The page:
Please ensure Javascript is enabled for purposes ofwebsite accessibilityLawmakers push for $14 trillion in reparations | WRSP
Close Alert

Lawmakers push for $14 trillion in reparations

FILE - A crowd listens to speakers at a reparations rally outside of City Hall in San Francisco on March 14, 2023. (AP Photo/Jeff Chiu, File)
FILE - A crowd listens to speakers at a reparations rally outside of City Hall in San Francisco on March 14, 2023. (AP Photo/Jeff Chiu, File)
Facebook Share IconTwitter Share IconEmail Share Icon
Comment bubble

There’s a renewed and controversial effort in Washington right now to provide reparations for Black Americans and it would come with a hefty price tag.

The authors of a new bill say it should give at least $14 trillion to the descendants of slaves.

Can the country afford it?

Talked about for decades but now getting new life a bill to give federal reparations for Black Americans to help compensate for an oppressive past with a more liberating tomorrow.

“A future of healing. A future of repair. A future of accountability," Rep. Cori Bush, D-Mo., said while announcing the bill, which was accompanied by shouts of "yes" from other lawmaker and advocates in attendance.

“We’re not here to request that future we’re here to demand it. We need that future now. Reparations now! Reparations now!” she followed up.

The bill calls for at least $14 trillion for Black Americans to help close the racial wealth gap with white citizens and make transformative changes in housing, healthcare and education.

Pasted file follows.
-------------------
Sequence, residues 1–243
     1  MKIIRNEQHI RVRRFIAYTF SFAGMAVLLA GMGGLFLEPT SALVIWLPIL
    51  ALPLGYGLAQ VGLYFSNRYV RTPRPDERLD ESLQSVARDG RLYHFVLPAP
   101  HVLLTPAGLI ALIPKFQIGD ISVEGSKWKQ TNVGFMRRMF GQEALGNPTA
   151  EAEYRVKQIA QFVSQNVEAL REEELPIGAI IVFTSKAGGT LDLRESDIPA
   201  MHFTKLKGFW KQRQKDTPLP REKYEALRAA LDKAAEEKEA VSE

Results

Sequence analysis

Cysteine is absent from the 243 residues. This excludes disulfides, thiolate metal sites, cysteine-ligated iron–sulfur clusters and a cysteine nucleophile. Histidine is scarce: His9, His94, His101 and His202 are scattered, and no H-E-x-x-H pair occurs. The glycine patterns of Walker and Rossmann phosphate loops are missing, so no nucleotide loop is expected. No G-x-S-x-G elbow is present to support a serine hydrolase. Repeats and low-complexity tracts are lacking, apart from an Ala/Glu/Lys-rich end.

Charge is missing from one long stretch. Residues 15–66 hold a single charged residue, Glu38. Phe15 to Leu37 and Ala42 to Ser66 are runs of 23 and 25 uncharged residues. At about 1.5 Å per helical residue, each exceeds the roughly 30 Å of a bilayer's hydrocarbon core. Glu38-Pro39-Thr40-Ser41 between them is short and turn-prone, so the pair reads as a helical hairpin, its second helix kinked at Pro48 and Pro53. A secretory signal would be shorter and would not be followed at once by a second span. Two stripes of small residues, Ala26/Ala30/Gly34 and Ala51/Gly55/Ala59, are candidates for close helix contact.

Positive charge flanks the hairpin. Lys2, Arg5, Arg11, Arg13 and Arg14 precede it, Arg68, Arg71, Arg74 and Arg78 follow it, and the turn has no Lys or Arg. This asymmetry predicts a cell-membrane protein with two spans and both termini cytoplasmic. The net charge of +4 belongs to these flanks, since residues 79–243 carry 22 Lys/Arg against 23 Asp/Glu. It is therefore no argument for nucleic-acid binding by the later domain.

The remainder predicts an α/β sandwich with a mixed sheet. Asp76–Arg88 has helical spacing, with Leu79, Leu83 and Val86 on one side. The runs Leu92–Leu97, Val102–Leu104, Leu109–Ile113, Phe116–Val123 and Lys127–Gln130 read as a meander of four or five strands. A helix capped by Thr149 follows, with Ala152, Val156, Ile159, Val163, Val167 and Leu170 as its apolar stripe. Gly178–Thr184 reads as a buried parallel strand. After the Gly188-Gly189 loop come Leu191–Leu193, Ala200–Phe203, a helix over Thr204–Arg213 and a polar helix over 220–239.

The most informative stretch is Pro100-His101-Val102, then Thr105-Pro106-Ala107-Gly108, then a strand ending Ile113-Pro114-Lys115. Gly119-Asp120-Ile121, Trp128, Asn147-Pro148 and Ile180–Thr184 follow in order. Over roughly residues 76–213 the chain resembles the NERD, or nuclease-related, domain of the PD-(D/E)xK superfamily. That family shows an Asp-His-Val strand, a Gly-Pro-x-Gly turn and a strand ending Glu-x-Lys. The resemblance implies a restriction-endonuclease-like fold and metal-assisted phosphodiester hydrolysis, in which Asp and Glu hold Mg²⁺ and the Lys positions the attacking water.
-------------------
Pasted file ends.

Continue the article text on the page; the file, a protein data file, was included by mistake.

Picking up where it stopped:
“We’ve got to make this country live up to its creed of liberty and justice for all. For all!” Rep. Barbara Lee, D-Calif., said.

How to pay for it all was unclear when the supporters faced reporter questions, but they suggested America already pays for "forever wars," sending huge sums of money overseas. The proposed $14 trillion is equal to almost half of America’s entire national debt.

"If Washington wants to spend more, it will have to come together and find savings elsewhere, just like every single household in America,” House Speaker Kevin McCarthy, R-Calif., said when the budget battle and debt ceiling fight converged in April.

The most heated debate in Washington currently is over how to avoid default as the country struggles to pay its bills.

President Joe Biden recently urged confidence, saying, "We're going to come together because there is no alternative than to do the right thing for the country."

Meanwhile, a reparations task force in California has recommended possibly billions of dollars in payments for a state already facing a $32 billion budget shortfall.

Other states, from New York to Illinois to Rhode Island are considering similar paths. Some Black scholars say affirmative action, scholarship programs and expanded welfare benefits already served as a form of reparations.

“Those were great attempts. The Great Society, although it was focused nominally on poverty but in terms of how it was concentrated on Black communities, all of that was reparations for what had happened before. Some of those things work like affirmative action some of them didn't like the community reinvestment act but that was reparations," said John McWhorter of Columbia University.

Comment bubble

It’s uncertain what kind of chances this bill would have or if it would have any real White House support, though many Republicans are already lining up against it. Even in California, Gov. Gavin Newsom has yet to publicly support the idea of payments there.

Loading ...